BA-Yes! Currently, I’m working on a book much closer to home, here in Virginia. I’m telling the story of our county seat: Fincastle. It will include one very famous guy—William Clark of the Lewis & Clark Corps of Discovery. I’m going to tell the tale of Clark’s first wife: Julia (Judy) Hancock. It’s been so refreshing, having all of this history at my fingertips instead of traveling half-way around the world to get to it! And, I do have more books “up my sleeve”, as you say. I want to tell my grandmother’s story. She homesteaded to Montana at the turn of the 20th century and helped my grandfather prove-up his land there. They withstood a lot of hardships, including temps falling to sixty below zero! And I already have another Roman book in mind, too. But I’ll keep that one quiet for now.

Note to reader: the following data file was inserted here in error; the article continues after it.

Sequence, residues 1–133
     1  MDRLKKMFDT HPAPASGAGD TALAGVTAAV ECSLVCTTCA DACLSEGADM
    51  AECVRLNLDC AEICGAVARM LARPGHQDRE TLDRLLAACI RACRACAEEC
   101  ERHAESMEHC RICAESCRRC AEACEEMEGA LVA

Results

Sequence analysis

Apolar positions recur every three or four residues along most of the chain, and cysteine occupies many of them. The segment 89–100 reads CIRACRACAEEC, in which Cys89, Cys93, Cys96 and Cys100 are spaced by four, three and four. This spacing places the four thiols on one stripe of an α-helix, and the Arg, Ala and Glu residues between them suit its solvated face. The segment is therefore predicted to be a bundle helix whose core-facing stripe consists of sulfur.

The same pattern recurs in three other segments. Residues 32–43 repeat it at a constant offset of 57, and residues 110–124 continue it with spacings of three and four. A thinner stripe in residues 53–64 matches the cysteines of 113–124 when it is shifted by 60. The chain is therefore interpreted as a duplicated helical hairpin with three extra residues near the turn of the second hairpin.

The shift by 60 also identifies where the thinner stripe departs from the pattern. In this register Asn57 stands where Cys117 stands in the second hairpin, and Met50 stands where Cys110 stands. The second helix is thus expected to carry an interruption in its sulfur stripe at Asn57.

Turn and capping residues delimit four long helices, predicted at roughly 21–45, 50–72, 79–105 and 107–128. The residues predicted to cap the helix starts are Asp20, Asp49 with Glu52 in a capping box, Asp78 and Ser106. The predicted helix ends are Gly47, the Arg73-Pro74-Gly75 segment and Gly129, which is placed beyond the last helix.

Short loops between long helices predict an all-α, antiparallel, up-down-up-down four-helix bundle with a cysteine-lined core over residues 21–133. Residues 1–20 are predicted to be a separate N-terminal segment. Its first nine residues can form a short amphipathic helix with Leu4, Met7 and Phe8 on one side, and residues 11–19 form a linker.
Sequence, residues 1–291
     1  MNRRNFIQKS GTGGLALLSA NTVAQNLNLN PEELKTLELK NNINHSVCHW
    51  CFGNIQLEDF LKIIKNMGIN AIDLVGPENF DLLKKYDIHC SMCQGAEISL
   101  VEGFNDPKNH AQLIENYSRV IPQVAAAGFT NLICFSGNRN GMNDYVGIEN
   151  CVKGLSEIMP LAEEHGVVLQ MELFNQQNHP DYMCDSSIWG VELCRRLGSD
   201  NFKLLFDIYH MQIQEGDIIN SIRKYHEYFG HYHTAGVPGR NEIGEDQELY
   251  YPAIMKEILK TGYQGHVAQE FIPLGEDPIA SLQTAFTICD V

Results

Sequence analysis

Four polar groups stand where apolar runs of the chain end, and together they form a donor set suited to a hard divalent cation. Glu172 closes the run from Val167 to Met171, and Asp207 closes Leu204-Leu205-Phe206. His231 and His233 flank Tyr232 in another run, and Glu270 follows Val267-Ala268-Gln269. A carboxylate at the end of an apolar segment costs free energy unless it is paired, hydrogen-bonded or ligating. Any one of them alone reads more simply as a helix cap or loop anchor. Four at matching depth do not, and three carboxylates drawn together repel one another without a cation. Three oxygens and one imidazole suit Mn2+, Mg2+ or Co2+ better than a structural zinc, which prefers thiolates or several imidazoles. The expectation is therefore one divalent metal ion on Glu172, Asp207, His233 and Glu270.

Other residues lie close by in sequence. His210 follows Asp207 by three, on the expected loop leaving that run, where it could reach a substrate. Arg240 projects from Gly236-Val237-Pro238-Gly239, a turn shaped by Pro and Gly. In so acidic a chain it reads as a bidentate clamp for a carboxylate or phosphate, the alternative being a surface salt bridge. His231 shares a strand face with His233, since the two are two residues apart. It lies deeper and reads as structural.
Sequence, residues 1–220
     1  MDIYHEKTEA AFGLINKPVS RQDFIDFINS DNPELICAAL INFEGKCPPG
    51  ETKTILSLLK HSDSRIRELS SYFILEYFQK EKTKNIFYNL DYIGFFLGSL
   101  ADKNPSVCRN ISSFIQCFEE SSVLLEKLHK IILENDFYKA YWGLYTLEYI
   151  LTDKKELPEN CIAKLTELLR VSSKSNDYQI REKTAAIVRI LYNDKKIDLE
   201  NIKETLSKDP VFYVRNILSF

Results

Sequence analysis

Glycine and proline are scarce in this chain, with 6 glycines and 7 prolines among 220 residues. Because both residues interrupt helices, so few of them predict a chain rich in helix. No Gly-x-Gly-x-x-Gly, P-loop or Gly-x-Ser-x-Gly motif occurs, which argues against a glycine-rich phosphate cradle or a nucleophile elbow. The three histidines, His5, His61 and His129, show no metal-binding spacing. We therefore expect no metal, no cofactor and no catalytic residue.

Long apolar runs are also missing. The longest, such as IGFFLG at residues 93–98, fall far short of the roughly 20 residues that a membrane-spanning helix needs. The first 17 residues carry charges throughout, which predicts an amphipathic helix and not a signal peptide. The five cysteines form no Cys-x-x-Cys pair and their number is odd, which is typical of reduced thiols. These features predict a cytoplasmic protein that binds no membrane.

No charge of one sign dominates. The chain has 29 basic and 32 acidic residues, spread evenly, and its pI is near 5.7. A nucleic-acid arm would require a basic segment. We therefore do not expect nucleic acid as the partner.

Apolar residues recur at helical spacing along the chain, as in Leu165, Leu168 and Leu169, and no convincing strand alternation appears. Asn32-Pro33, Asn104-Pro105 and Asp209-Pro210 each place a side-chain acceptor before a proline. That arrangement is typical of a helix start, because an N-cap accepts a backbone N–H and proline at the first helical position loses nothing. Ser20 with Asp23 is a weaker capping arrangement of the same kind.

JMR- Tell our readers how to find you on social media and the web.
JMR- What question were you hoping I’d ask but didn’t?
BA- Hmmm… maybe what’s something not many people know about me? When I was in high school, I did pre-training for the Olympics… equestrian. I used to show horses, do dressage, cross-country, and stadium jumping. I had a rather serious accident while helping someone train a horse in college. I pretty much ploughed a field with my face, so that sobered me up about getting too crazy in the saddle!
Thanks so much for this opportunity to share, Jeanie! I really enjoyed being with you!
JMR- Thank You Brook! We enjoyed this interview and I know our readers did too. If you are interested in see more about Brook's books I've included a link, just click on the Amazon button.